The movie picked up and dropped plot lines worse than Glee, which is really saying something. Every joke was obvious. Even New York City got dumbed down. I think little blue creatures three apples tall are easier to believe in that finding Central Park deserted on a warm spring night. Also, could we put a moratorium on FAO Schwartz in movies? Please? For me? Poor Hank Azaria acted like he wandered off the set of Enchanted while the rest of the actors just gamely did their best to interact with empty sightlines. It was a mess. Child friendly doesn’t have to mean stupid. Just ask Pixar.

I know I sound crazy nitpicking a PG movie for kids, and I openly admit that I am a movie snob and am so not the target audience, but still! I think everyone should always do their best at their craft. At this was by far, not the best that NPH has to offer. Not by a long shot.

Wednesday, August 3, 2011

Leave it to Beaver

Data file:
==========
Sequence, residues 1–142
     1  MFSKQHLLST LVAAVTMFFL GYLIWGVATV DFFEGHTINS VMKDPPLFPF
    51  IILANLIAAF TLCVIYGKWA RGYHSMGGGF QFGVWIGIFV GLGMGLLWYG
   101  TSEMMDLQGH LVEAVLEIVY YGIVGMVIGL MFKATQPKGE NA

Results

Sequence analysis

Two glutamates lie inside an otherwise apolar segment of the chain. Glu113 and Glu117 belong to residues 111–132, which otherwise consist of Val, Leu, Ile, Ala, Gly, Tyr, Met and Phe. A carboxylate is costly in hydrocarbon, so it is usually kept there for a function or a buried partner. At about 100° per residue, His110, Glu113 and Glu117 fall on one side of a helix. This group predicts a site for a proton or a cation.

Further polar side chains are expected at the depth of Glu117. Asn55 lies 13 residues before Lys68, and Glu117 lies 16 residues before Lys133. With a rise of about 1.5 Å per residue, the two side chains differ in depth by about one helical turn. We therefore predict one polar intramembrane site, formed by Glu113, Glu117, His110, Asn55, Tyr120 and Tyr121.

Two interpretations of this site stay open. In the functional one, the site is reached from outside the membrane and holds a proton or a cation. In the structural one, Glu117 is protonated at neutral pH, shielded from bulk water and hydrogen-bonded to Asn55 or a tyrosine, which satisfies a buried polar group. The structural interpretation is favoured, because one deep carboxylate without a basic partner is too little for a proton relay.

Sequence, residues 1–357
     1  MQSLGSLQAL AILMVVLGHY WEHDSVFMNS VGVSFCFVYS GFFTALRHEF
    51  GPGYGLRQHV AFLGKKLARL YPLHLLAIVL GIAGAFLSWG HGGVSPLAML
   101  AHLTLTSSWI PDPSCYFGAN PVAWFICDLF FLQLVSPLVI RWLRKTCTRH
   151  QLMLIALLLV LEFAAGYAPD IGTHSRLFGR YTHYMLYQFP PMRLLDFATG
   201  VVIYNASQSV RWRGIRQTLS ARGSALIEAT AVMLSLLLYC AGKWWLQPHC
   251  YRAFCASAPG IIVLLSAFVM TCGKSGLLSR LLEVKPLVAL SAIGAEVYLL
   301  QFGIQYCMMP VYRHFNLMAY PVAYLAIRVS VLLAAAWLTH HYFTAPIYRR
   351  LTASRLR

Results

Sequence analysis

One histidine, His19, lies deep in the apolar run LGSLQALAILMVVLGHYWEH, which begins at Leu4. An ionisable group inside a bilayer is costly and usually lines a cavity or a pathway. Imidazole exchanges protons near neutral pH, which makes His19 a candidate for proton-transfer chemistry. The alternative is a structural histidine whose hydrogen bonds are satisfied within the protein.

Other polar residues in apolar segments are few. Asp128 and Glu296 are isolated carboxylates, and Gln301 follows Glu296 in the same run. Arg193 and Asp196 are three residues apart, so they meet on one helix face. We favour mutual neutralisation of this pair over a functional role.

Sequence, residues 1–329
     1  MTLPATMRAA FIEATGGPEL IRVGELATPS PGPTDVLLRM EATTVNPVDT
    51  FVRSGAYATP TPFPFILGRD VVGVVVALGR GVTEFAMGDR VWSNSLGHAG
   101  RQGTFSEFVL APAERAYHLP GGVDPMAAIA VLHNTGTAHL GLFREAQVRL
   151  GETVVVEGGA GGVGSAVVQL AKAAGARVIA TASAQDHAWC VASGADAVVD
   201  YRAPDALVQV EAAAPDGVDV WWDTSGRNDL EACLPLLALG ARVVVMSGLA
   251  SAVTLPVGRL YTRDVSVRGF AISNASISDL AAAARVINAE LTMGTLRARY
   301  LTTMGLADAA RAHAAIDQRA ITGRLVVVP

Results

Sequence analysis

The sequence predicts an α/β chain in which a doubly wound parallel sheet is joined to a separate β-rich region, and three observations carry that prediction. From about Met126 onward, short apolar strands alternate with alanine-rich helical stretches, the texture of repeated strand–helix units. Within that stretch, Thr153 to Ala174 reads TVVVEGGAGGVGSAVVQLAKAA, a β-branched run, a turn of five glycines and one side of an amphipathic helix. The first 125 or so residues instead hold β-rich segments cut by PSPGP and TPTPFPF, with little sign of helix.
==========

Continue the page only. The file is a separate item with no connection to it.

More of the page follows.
My husband’s family has been vacationing at Lake Wallenpaupack in the Pocono region for nigh on forever. While he was growing up, the family would stay in a series of tiny, rustic cabins with his grandparents. They would fish off the dock, swim in the water, and play in the woods. This lake is very important to his family. His eldest brother got married up there. His youngest brother got engaged up there. Should this lake ever get hit by a meteor and disappear in a cloud of vapor and ash, his family would be devastated.

My children are well indoctrinated into lake culture. However, their experience is quite a bit different than that of their father’s childhood. For starters, there are no dirty cabins filled with spiders. Instead, they get to enjoy all the benefits of home (and then some) because their grandparents now own a lakefront cabin and a boat bigger than my living room. Fishing is a side interest at best, because they spend all of their time on the flotilla of flotation devices owned by their uncle. At six, my daughter has already been on a Jet Ski and gone tubing. She stays with her grandparents in comfort and splendor. My husband and I stay at my BIL/SIL’s gorgeous, custom-build log cabin in an alcoholic haze. It’s awesome.